I seem to be stuck this week on the idea of being falsely accused, wrongly judged and even simply misunderstood. I am reading Called to Controversy, the biography of Moishe Rosen, founder of Jews for Jesus. It was written by his daughter, Ruth. The end of Chapter 14 contains a story of Moishe during his Bible College years while he was out street preaching as a part of his education. This incident happened when he was two months away from graduation. By this time he was a seasoned street evangelist and occasionally he would draw a large enough crowd that a police officer in the neighborhood would come for crowd control to make sure there was a path on the sidewalk for passersby to walk.
This particular day, as Moishe was preaching a man began to shout at him and punch him in the stomach. Moishe learned later that the man was from the Anti-Shmad League, a group opposed to the mission and its representatives. Moishe was relieved when he heard police sirens heading his way, but his relief quickly turned to dismay when several in the crowd agreed with the perpetrator that Moishe had started the fight by punching the man and breaking his glasses. The man presented a pair of broken glasses to the police as evidence. The police arrested Moishe. Thirteen “witnesses” testified that Moishe was the aggressor. After all the witnesses made their statements and signed the report, another man came forward.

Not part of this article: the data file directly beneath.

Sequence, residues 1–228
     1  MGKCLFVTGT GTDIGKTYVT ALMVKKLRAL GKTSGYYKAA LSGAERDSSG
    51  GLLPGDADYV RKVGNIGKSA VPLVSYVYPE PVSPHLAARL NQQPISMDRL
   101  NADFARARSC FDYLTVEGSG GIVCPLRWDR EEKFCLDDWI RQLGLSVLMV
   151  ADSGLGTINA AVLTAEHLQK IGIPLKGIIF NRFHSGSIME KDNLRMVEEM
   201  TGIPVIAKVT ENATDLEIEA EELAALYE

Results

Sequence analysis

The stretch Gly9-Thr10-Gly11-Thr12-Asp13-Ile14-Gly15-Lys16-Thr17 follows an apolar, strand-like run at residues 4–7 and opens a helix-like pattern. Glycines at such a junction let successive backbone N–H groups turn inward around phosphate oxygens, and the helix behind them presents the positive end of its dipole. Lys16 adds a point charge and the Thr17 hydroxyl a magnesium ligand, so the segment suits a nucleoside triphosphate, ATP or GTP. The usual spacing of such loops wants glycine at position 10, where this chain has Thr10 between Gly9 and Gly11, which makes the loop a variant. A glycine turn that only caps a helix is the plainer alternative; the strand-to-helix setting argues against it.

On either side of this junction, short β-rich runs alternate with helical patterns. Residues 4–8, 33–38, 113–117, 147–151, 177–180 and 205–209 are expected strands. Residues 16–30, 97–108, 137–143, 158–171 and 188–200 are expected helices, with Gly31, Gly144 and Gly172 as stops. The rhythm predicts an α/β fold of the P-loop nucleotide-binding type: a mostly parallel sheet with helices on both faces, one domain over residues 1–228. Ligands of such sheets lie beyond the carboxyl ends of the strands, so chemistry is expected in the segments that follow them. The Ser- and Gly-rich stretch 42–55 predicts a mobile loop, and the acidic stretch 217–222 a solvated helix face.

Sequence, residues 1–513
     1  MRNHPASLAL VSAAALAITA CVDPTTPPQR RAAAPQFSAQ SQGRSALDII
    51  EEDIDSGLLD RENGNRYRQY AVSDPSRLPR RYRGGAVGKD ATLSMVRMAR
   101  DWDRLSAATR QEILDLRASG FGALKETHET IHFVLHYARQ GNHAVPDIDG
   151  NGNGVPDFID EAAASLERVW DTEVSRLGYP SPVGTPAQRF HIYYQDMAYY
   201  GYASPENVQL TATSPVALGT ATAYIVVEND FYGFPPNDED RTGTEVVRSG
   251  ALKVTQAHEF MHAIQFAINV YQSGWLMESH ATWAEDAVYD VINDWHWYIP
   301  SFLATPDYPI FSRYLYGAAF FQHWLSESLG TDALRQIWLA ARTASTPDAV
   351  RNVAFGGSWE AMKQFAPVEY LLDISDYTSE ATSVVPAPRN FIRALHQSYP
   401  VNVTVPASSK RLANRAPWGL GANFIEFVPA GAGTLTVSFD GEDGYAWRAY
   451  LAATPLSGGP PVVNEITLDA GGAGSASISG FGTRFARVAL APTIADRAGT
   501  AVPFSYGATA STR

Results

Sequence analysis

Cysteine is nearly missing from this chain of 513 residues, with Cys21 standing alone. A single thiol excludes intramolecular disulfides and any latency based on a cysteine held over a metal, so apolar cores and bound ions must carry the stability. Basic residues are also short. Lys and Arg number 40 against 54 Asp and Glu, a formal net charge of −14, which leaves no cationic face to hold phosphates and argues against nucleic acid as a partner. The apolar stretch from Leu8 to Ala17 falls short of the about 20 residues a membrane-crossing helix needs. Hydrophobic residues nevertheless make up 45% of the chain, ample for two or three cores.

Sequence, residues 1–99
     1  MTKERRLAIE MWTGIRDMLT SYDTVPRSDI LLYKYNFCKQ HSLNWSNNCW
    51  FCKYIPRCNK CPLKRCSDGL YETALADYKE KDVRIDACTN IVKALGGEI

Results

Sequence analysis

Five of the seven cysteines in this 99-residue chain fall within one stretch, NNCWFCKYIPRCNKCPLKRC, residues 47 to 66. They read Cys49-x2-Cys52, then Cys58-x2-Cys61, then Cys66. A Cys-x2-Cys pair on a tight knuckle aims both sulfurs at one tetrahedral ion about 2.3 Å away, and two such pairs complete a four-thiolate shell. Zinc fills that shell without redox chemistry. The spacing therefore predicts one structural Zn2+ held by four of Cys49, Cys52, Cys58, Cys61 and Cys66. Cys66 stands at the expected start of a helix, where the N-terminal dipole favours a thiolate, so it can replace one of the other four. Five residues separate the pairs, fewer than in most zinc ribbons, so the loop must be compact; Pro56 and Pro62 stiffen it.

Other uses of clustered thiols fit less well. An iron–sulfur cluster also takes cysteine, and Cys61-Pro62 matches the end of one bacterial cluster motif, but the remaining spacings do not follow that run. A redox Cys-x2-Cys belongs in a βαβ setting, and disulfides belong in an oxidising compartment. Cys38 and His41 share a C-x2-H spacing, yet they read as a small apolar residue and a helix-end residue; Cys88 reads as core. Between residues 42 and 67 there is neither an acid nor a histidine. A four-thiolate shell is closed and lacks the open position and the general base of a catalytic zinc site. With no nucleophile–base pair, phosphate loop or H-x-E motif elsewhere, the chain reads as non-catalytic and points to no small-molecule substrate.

He was the retired captain of a nearby precinct. Within moments, the situation was entirely reversed. The man announced that he saw the whole thing and stated that he was Jewish and didn’t believe a word of what Moishe was saying, but he was ashamed of his own people for what they had done: “This guy didn’t do anything, ” he said, indicating Moishe with a jerk of his head. “He was just standing there, and they grabbed him and started hitting him.” He then pointed out who had done the grabbing and who had done the hitting. “And,” he added, “nobody was wearing glasses.”
As some of Moishe’s accusers began moving toward the door, the desk sergeant stopped them and said, “You have all committed a felony by turning in a false police report. You can’t leave, but even if you do it won’t matter. I’ve got your names and addresses right here.” Turning to Moishe, he said, “It’s up to Mr. Rosen if he wants to file a complaint.”
Moishe was overwhelmed and shaken, but what he did next is what I hope I would do in the same situation: he prayed. He sat down on the bench in the police station and silently prayed. On Monday as a part of Multitudes on Monday, I will share what God told Moishe Rosen to do about those who accused him of wrongdoing. You can wait till then or get a copy of this wonderful book and read it for yourself. I’ll be posting photographs Saturday and Sunday with Katie Lloyd’s Scripture and a Snapshot and Ashley Sisk’s Scavenger Hunt Sunday. Please come back. I love it when you visit.
Blessed to be traveling with the saints of God,